|Institution:||University of Notre Dame|
|Department:||Civil Engineering and Geological Sciences|
|Keywords:||neutron diffraction; aggregation; nanoclusters; uranium compounds; aqueous solutions; small angle scattering; dynamic light scattering; static light scattering|
|Full text PDF:||http://etd.nd.edu/ETD-db/theses/available/etd-02192015-145005/|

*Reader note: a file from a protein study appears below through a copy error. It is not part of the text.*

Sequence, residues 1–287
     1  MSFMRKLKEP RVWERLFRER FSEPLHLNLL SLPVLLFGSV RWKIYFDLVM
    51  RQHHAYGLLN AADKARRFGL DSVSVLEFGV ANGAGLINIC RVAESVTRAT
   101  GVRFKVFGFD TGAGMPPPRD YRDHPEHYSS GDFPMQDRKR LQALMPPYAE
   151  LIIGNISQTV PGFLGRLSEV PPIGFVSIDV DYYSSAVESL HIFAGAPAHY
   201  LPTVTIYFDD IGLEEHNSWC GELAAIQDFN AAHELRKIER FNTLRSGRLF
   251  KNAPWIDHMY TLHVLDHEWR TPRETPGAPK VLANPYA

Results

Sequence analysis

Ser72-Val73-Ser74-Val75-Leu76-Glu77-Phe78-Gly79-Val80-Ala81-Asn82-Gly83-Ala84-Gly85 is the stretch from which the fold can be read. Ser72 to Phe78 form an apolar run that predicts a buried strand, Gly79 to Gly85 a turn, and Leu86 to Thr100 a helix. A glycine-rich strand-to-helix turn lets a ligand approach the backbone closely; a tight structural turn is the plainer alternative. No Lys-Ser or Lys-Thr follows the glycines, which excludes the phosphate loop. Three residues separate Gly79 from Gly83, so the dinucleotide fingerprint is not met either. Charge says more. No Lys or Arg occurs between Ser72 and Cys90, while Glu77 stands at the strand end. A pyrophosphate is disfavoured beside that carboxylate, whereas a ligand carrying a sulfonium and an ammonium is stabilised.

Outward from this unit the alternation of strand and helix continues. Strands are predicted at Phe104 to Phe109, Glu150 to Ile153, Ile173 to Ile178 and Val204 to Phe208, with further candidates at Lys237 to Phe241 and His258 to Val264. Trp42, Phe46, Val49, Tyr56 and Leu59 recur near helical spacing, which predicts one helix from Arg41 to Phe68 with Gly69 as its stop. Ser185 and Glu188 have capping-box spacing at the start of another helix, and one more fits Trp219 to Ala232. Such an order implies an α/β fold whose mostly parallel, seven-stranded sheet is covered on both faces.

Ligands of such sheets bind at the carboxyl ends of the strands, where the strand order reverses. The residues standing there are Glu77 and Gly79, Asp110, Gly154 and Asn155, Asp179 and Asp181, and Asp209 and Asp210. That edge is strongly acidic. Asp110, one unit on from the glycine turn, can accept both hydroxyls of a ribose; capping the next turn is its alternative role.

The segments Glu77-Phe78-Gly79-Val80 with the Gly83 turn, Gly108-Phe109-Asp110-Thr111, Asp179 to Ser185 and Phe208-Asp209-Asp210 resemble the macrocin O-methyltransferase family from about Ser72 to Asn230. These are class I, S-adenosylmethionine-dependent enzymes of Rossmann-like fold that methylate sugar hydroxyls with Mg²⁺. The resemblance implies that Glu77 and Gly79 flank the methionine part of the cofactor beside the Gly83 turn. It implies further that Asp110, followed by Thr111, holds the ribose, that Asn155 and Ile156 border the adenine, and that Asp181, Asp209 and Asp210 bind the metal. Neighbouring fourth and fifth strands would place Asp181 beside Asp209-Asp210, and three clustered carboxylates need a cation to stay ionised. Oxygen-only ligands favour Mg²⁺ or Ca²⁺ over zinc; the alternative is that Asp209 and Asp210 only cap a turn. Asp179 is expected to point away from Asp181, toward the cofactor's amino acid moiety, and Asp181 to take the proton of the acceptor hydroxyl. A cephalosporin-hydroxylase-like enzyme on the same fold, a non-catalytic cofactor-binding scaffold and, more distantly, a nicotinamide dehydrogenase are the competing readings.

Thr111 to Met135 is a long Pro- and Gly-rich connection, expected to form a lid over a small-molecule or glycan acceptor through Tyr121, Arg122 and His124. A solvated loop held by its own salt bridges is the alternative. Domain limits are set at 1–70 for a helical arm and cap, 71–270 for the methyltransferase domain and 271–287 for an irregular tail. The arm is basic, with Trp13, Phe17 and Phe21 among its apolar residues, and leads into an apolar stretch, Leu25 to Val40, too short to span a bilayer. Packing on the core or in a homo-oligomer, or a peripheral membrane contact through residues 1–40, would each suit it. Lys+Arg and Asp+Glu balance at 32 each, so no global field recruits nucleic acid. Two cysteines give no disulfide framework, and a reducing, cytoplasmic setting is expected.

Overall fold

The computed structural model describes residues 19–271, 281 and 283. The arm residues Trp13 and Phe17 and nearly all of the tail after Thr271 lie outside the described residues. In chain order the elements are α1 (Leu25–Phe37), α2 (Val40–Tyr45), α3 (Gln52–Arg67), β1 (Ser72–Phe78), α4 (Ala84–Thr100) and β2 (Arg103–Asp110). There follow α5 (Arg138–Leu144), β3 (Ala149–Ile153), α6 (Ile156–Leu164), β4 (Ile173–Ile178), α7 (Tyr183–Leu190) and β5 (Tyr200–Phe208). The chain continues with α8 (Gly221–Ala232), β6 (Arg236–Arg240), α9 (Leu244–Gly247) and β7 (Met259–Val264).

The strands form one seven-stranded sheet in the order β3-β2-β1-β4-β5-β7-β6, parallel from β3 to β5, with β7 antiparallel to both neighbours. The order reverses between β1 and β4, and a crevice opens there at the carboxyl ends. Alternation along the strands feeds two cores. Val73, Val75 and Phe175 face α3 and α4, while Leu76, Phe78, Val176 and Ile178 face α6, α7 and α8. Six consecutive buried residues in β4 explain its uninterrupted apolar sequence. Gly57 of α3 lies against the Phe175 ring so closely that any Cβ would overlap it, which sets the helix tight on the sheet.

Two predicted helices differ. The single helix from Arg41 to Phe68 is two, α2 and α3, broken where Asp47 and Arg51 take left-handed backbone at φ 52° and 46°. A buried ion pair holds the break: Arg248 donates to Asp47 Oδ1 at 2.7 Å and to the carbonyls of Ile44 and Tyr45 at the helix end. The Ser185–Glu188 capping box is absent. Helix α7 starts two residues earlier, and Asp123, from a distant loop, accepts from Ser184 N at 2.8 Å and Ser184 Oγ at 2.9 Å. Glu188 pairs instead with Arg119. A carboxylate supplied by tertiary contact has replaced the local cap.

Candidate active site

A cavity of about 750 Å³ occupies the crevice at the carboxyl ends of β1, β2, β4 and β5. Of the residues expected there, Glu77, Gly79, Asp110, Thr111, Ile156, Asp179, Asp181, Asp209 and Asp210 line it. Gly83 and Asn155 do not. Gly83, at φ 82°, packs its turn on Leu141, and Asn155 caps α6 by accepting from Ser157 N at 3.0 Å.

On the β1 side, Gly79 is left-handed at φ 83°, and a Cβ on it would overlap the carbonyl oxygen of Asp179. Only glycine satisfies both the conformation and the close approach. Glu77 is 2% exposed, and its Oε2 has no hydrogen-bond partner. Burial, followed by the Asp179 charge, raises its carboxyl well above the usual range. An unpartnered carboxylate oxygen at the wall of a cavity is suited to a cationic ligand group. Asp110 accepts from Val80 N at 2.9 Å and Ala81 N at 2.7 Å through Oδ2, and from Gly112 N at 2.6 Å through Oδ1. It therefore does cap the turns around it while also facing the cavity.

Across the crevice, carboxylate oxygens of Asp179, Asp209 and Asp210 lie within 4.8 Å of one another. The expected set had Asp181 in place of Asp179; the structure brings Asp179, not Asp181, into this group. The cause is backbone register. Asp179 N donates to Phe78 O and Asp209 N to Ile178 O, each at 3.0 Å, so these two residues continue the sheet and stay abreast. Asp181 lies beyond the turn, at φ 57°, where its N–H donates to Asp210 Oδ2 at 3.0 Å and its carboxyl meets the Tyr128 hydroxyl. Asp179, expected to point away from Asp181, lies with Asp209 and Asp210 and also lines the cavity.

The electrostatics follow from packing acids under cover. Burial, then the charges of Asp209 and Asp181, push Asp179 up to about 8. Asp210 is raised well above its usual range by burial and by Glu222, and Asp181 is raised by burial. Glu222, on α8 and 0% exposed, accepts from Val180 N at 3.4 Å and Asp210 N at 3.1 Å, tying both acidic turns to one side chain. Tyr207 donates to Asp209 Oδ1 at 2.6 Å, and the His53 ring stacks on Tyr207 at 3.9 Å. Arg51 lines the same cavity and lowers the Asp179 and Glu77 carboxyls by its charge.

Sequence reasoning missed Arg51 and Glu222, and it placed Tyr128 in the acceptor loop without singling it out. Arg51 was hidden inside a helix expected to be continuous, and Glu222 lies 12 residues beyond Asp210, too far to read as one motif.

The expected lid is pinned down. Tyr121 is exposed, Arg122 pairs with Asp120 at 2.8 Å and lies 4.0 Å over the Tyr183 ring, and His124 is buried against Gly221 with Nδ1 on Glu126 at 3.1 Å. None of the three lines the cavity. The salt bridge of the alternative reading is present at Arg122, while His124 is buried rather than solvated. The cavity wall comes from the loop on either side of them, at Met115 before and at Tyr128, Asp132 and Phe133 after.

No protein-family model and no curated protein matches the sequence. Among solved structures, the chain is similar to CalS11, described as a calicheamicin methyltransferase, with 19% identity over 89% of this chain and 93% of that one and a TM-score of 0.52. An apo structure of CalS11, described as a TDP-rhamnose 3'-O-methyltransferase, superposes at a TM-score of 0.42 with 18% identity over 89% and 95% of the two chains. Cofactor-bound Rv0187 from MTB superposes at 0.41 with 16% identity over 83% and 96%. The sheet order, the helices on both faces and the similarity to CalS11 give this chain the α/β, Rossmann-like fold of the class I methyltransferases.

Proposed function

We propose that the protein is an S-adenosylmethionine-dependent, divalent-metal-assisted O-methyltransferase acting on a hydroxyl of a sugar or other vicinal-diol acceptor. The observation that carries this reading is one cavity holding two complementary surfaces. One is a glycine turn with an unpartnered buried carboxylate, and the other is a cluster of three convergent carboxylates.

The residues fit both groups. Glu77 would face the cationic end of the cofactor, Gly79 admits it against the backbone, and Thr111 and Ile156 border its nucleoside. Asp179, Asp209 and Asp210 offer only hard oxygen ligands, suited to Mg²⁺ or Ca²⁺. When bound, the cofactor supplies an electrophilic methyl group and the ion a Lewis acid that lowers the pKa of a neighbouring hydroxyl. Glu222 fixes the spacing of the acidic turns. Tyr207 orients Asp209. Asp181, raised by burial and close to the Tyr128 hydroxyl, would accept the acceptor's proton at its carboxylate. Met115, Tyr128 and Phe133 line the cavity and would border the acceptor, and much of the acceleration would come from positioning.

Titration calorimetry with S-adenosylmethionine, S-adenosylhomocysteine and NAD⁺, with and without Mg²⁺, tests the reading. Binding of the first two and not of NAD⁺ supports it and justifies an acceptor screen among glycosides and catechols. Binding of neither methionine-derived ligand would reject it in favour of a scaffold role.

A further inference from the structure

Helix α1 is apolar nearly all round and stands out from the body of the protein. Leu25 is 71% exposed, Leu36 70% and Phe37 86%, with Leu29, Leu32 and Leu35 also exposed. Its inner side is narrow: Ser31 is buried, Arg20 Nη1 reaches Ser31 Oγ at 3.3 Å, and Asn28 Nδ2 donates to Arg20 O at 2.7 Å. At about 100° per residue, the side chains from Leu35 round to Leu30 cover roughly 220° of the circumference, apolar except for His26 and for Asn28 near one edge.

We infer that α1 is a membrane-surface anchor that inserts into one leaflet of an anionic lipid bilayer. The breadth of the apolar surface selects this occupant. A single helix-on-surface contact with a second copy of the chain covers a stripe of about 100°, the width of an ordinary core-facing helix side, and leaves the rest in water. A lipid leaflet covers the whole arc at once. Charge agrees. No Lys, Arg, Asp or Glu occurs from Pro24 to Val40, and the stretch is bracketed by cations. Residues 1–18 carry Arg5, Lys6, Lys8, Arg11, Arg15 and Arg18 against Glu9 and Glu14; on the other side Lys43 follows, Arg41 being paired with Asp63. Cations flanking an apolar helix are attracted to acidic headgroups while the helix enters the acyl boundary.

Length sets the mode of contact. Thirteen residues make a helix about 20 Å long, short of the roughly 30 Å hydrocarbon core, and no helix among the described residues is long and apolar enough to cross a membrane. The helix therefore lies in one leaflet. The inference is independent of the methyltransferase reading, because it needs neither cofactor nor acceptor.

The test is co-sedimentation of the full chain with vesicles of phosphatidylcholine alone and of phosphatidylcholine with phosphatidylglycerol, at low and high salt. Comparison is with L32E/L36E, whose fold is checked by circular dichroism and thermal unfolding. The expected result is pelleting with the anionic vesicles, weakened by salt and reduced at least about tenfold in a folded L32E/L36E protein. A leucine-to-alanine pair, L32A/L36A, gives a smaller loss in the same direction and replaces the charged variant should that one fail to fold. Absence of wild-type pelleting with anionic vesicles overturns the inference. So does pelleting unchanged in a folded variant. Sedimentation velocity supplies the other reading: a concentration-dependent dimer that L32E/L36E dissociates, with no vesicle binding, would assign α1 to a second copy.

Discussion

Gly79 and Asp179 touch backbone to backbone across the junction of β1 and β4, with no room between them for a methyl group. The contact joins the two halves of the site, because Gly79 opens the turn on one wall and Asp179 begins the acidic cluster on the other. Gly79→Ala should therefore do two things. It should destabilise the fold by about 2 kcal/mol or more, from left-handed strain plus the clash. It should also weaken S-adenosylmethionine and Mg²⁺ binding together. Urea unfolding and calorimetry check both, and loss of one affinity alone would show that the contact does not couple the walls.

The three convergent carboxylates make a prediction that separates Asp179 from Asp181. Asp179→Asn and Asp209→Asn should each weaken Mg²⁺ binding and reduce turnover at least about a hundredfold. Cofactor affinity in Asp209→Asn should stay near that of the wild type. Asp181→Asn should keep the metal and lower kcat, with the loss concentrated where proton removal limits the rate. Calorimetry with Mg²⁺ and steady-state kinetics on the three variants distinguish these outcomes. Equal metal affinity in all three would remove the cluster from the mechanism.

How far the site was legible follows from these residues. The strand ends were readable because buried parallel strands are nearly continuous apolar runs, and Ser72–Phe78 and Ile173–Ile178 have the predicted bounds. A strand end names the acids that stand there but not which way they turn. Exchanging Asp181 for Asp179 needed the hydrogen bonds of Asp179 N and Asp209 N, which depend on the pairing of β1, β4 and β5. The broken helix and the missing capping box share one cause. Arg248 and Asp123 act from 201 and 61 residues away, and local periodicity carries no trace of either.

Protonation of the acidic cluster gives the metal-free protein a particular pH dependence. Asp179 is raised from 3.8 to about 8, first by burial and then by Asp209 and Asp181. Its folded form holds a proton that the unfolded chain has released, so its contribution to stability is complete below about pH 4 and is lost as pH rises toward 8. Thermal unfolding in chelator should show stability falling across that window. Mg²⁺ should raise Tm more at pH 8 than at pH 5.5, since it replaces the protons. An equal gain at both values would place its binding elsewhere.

Uranyl peroxide cage clusters include a large family of more than 50 published clusters of a variety of sizes, which can incorporate various ligands including pyrophosphate and oxalate. Previous studies have reported that uranyl clusters can be used as a method to separate uranium from a solid matrix, with potential applications in reprocessing of irradiated nuclear fuel. Because of the potential applications of these novel structures in an advanced nuclear fuel cycle and their likely presence in areas of contamination, it is important to understand their behavior in both solid state and aqueous systems, including complex environments where other ions are present. In this thesis, I examine the aqueous behavior of U24Pp12, as well as aqueous cluster systems with added mono-, di-, and trivalent cations. The resulting solutions were analyzed using dynamic light scattering and ultra-small angle X-ray scattering to evaluate the species in solution. Precipitates of these systems were analyzed using powder X-ray diffraction, X-ray fluorescence spectrometry, and Raman spectroscopy. The results of these analyses demonstrate the importance of cation size, charge, and concentration of added cations on the aqueous behavior of uranium macroions. Specifically, aggregates of various sizes and shapes form rapidly upon addition of cations, and in some cases these aggregates appear to precipitate into an X-ray amorphous material that still contains U24Pp12 clusters. In addition, I probe aggregation of U24Pp12 and U60, another uranyl peroxide cage cluster, in mixed solvent water-alcohol systems. The aggregation of uranyl clusters in water-alcohol systems is a result of hydrogen bonding with polar organic molecules and the reduction of the dielectric constant of the system. Studies of aggregation of uranyl clusters also allow for comparison between the newer uranyl polyoxometalate family and century-old transition metal polyoxometalates. To complement the solution studies of uranyl cage clusters, solid state analyses of U24Pp12 are presented, including single crystal X-ray diffraction and preliminary single crystal neutron diffraction. Solid state analyses are used to probe the complicated bonding environments between U24Pp12 and crystallized counterions, giving further insight into the importance of cluster protonation and counterions in uranyl cluster systems. The combination of solid state and solution techniques provides information about the complicated nature of uranyl peroxide nanoclusters, and insight towards future applications of clusters in the advanced nuclear fuel cycle and the environment.